Anyway, it’s possible that Steven’s experience is true. For example, because he’s appealing enough to get plenty of dates, perhaps they’re with good-looking women. Perhaps the lookers who aren’t so self-centered are less likely to be single. Perhaps only children who aren’t particularly attractive aren’t as interested in dating as their peers with siblings (or couple up faster), thus leaving a self-centered subset for men like Steven to meet.

    There’s always room for more research.

  25. 25
    starthrower68

    When I took a critical thinking class not too long ago, the text stated that we all rely on generalizations to some degree, because of time contraints, size of the situation, etc, and are merely forced to use them to make a snap decision. However, in a one-on-one situation, that would not be an appropriate response. There you have the time and ability to take that person on their own merits, and take other things into consideration, as in, “is that person nervous?”; “have they had a bad day or are overly tired?”. On the road to love, we have to be able to see things from another point of view or at least ask questions about their perspective.

  26. 26
    Donna

    @25: I work with abused dogs and one thing that you see all the time is a dog that always has an aggressive or fearful reaction toward people of the same physical type–petite, older women with frizzy hair (in one case), men with loud voices, hyper children–or sometimes toward certain objects (sticks, pipes, etc.). (I know. Awful.) You see it so often that you just come to understand that the dog is making “generalizations” about the human s/he comes in contact with. If it looks like an abusive human, it probably is, in their world. Seems like a survival thing.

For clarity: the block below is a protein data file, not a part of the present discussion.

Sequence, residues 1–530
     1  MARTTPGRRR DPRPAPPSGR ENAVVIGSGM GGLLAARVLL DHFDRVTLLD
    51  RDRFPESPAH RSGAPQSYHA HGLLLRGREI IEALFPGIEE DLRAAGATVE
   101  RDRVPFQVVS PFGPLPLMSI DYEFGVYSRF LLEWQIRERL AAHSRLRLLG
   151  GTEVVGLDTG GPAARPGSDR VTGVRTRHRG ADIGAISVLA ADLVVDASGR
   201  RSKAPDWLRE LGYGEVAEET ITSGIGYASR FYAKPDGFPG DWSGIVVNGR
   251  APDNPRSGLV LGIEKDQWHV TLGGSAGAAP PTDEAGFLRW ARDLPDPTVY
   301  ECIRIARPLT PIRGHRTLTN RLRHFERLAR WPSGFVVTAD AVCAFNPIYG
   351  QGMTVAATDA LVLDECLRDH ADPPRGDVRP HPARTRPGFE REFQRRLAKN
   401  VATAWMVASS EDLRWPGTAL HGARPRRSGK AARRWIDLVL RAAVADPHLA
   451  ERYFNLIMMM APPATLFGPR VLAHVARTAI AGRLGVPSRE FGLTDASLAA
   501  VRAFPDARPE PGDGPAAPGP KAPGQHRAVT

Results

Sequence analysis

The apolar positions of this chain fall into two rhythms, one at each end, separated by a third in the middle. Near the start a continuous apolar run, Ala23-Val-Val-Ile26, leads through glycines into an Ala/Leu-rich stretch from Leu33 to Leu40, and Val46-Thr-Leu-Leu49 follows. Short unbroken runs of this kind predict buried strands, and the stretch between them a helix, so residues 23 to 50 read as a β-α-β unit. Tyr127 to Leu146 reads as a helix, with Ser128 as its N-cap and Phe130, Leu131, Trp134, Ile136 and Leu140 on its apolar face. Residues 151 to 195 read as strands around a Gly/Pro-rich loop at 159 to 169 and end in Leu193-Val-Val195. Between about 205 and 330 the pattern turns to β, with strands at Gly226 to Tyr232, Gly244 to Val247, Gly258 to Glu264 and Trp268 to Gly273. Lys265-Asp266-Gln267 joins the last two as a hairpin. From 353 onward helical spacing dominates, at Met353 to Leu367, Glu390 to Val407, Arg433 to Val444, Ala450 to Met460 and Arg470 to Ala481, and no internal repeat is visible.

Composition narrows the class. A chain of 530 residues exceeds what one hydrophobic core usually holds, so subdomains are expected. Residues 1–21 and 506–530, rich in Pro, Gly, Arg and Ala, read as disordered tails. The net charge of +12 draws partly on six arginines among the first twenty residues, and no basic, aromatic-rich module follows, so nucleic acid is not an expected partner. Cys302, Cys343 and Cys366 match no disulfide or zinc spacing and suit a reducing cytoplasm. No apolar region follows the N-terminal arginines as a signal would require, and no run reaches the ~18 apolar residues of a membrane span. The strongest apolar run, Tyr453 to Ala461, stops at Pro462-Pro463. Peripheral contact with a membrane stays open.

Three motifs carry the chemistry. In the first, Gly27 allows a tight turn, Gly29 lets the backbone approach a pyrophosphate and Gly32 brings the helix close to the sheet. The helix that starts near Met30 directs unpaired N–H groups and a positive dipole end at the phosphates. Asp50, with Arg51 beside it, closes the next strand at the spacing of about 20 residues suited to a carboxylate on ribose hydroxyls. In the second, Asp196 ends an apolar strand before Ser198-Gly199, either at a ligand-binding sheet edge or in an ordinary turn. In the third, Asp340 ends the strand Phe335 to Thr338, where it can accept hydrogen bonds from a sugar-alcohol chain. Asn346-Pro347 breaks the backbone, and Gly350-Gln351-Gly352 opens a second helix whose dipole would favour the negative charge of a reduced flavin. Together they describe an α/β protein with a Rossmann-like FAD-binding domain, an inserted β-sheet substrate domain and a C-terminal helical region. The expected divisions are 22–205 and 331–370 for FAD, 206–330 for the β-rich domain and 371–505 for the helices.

It always makes me wonder if our biases derive in part from a similar kind of survival mechanism rather than moral failing.

  27. 27
    mic

    Such biases surely are stronger with strangers than with others. Hence, the importance of first impressions.

  28. 28
    Christie Hartman

    I loved this post. I am tired of the stereotype of the self-absorbed only child. As Evan said, there is no research to support this idea. Even birth order research has shown that birth order effects are there, but they are quite small. And doesn’t anyone find it odd that this dude chose so many only child women when, statistically, they aren’t very common?

  29. 29
    Karl R

    Christie Herman asked: (#28)
    “doesn’t anyone find it odd that this dude chose so many only child women when, statistically, they aren’t very common?”

    Not when you look at the numbers. Steven said he had “a few hundred coffee dates over many years.” Of those “at least a dozen or two dozen” were “with only-child women.”

    If he had 200 first dates, and 20 of those were with only children, that would be about 10%. That’s probably reasonably close to the US average.

  30. 30
    Christine in UK

    Where you are going wrong is going for coffee dates. Why coffee?! In the UK, we tend to meet up at the pub for a drink and see how we get on. With a glass of wine or cider, its much friendlier. That’s how my relationship started with my man.
    I also agree stereotyping means you could be missing out on someone lovely.